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What Really Went On Behind The Scenes Of Chicago Fire’s My Lucky Day Episode

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In the TV industry, a bottle sequence was originally defined as part of a show shot with the bare minimum of sets, actors, and camera angles to save on production costs (via Studio Binder).

As it turns out, bottling “My Lucky Day” was indeed a money-saving move by One Chicago executives in early 2021 due to rising costs related to COVID-19, but it was also a way to showcase the company’s dramatic acting skills actors involved. In fact, Reza Tabrizi, the episode’s director, was also the cinematographer on “Chicago Fire” and gave him insight into the use of the nine cameras and six GoPro units used during the shoot.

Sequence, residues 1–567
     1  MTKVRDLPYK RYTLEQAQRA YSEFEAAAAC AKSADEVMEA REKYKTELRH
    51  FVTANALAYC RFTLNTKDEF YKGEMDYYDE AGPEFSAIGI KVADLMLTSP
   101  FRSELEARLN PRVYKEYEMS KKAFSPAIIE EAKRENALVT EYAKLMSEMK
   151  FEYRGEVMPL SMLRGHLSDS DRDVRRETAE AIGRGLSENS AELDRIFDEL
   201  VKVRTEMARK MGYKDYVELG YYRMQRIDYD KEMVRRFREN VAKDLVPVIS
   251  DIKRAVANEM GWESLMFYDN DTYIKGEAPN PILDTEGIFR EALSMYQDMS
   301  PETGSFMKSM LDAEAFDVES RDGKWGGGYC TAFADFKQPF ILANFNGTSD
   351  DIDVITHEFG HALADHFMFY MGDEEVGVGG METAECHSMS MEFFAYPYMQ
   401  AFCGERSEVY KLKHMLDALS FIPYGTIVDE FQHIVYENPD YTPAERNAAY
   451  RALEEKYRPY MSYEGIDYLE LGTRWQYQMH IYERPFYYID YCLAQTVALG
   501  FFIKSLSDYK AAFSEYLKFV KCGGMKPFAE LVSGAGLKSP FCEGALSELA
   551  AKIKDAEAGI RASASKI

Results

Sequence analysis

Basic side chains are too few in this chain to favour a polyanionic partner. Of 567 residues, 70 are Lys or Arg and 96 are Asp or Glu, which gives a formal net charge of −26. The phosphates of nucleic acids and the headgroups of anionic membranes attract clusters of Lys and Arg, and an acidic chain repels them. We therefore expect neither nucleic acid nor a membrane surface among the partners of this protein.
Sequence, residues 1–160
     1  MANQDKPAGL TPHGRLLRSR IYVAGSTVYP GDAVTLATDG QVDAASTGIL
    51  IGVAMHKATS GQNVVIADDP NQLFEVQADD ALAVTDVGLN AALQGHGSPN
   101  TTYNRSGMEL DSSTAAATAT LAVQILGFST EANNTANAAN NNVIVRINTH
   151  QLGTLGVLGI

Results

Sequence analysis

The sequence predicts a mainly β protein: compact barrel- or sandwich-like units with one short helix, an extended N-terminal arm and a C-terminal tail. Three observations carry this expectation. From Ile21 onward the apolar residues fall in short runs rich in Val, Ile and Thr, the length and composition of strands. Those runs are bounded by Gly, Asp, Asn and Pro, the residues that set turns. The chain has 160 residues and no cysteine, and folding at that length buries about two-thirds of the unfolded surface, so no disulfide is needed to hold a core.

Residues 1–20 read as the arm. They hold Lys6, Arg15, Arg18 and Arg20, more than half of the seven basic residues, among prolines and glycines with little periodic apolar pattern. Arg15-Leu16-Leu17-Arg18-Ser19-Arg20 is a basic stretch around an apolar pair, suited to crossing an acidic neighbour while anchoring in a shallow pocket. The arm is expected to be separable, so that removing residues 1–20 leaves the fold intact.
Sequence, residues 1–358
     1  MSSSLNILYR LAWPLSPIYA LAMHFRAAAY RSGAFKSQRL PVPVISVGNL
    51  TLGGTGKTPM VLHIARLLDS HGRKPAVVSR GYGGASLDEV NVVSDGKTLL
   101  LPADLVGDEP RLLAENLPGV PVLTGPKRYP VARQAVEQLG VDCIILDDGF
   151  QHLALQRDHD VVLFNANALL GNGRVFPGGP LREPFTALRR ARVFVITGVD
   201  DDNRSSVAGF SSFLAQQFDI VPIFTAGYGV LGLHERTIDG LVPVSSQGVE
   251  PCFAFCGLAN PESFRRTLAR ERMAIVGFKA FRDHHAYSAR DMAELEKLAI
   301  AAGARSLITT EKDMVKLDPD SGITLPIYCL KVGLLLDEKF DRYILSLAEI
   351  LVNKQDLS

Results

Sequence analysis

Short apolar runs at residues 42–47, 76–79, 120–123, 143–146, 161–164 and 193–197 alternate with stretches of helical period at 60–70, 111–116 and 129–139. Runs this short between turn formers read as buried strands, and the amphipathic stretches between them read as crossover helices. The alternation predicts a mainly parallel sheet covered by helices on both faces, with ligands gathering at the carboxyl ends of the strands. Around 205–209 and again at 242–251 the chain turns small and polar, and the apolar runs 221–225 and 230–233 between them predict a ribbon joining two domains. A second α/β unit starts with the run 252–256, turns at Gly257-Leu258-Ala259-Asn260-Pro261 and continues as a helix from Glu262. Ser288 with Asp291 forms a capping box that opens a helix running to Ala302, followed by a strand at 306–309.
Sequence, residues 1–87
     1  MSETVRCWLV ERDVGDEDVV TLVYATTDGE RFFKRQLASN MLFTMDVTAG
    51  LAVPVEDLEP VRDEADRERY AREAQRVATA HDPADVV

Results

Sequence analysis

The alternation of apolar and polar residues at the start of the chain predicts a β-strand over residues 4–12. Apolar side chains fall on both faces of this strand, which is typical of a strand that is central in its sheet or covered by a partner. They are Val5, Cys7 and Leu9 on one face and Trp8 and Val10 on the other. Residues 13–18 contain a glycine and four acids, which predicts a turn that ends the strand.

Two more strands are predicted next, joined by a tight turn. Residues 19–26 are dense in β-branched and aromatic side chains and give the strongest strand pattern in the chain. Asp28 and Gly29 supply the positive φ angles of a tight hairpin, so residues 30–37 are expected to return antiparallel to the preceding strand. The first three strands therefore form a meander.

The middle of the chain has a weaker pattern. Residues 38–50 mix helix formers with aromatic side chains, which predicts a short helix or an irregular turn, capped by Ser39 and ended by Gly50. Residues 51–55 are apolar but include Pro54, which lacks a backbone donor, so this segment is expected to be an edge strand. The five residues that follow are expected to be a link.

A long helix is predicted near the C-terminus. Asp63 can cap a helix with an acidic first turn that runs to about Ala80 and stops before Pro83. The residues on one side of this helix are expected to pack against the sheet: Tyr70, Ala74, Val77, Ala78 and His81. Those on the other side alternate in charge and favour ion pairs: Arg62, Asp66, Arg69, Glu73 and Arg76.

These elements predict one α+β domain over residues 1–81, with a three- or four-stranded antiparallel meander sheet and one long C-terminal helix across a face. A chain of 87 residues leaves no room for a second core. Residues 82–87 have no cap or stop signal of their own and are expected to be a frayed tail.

Speaking to The Hollywood Reporter, showrunner Derek Haas explained, “The challenge of this episode was essentially playing five acts in a freight elevator.” Since they wanted the performances to be as engaging and impactful as possible, he went on to say, ” we had the actors learn the acts as if it were a play… so we had these takes that were 25 minutes long where normally it’s three or four minutes.” The result is that the My Lucky Day Episode of “Chicago Fire” presented as a theatrical stage production, with full focus on the four actors turning a stalled elevator into a supercharged pressure cooker of interpersonal drama and suspense.



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